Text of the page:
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It's for Freedom that Christ has set us Free

2 months ago

Stewart Fyfe once again gives us a thoughtful piece, this time about what it means to be truly free in the service of Christ. He unpacks the paradox that we are set free when we become a slave of Jesus. And he helps us to think how this was true for Simon of Cyrene, and how it can be true for us now even within all the restrictions and limitations of the lockdown. It is as we serve Jesus that we find our "perfect freedom".

“It is for freedom that Christ has set us free.”  That’s what Paul says in Galatians 5.1.  But what does that freedom look like?  Our culture encourages us to think that freedom involves having choices available to us, choices about what we buy, what we do with our lives, even what our identity might be. 

But ironically, I think all those choices are enslaving us.  If we keep unpicking our choices in order to have the freedom to make new ones, we simply end up being brought back to the same old crossroads endlessly.  And if our identity is based on consumer choices, we need to keep consuming and that strikes me as a bit like going back into slavery, where we work ever harder only to make money for someone else.  But Paul says, “it is for freedom that Christ has set us free. Stand firm, then, and do not let yourselves be burdened again by a yoke of slavery.” 

So what does that alternative freedom in Christ, actually look like?

There is an ancient prayer of the Church that, when I was a young Christian, always used to puzzle me.  It goes:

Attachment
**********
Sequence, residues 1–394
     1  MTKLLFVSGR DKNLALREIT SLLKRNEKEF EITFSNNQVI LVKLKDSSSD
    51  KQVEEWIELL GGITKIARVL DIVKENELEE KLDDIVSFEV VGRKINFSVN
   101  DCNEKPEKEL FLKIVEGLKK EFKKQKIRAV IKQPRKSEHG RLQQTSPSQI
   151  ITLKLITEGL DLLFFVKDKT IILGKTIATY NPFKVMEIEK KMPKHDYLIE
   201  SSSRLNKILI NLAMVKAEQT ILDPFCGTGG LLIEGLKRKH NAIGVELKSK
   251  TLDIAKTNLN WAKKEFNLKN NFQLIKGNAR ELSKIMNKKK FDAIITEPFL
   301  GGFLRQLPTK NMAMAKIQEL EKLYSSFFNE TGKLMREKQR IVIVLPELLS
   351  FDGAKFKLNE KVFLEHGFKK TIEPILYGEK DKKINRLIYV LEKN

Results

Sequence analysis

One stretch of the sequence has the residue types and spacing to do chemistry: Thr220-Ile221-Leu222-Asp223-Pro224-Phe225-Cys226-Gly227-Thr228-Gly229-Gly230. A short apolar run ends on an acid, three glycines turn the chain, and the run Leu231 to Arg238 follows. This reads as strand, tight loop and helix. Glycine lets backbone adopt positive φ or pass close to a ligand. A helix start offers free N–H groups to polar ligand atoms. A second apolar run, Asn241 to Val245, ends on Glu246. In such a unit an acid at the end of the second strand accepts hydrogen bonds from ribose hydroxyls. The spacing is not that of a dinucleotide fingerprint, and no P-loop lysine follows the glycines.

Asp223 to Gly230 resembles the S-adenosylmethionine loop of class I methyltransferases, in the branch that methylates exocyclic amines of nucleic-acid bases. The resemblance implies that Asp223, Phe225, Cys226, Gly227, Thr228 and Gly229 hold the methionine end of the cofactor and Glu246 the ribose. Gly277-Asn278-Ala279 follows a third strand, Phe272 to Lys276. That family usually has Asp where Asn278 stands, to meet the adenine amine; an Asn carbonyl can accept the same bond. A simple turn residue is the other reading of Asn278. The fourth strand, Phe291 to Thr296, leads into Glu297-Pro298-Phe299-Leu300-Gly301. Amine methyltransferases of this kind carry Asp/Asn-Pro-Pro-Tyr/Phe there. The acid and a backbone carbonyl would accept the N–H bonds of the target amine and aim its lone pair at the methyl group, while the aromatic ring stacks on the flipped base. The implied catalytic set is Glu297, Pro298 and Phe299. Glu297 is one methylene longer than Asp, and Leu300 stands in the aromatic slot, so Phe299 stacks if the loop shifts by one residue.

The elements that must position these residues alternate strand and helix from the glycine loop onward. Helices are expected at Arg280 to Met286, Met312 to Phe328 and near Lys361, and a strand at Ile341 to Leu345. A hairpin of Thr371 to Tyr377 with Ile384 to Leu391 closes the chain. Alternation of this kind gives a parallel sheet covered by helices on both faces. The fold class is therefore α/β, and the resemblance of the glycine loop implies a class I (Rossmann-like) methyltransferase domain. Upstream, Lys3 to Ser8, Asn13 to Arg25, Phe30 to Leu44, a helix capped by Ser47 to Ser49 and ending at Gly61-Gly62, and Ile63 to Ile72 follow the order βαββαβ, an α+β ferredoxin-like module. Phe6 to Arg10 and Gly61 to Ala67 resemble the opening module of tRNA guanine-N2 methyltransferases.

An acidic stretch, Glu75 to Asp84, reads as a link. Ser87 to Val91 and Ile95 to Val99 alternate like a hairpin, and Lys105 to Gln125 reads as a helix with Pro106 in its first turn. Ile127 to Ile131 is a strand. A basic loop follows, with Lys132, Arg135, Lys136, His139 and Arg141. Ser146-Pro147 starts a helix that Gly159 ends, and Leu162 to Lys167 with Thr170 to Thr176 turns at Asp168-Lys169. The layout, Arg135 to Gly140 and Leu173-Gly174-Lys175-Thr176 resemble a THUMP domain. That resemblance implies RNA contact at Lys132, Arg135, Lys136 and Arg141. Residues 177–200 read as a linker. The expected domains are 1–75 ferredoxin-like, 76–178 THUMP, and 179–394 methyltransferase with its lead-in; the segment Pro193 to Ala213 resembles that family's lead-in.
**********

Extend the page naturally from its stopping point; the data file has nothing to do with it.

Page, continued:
“O God, the author of peace and lover of concord.  To know you is eternal life, to serve you is perfect freedom.”

The Christian faith is full of paradoxes, but few are so counterintuitive as this: we are set free by becoming a slave.  To be more specific, perfect freedom is serving Jesus.

But the more you think about it, the more it makes sense.  When we serve Jesus we’re taken out of ourselves, no longer focussing on our ourselves, but on those we serve in his name.  And that cultivates love in our hearts, which gives us a purpose and meaning that consumerism never could.

But there’s more.  When we serve Jesus, we stop focussing on what we lack and focus on his endless resources of grace.  We open ourselves to the dynamic power of the Holy Spirit, who is able give us all the strength, hope and faith we need.

And when we serve Jesus, we serve the only master who doesn’t want to use us for his own purposes. 

Jesus doesn’t need your money, he doesn’t need you to make him feel better or more important.  He doesn’t need anything from you.  He just wants to serve you.  So serving Jesus, means we are serving someone who, in turn, only wants to serve us.  And it is in that dynamic of mutual service that true love and freedom is found, the love that expresses itself in wanting to provide kindness and joy to the other, with no thought for self. 

I’ve been thinking recently about Simon of Cyrene, the man who carried Jesus’s Cross. 

In that, most menial of services, carrying Jesus’ Cross, Simon found true freedom in the service of Christ.  There, at the end of Jesus’ journey to the Cross, Simon found himself, completely inadvertently, living out the teaching Jesus first gave back at the start of that journey: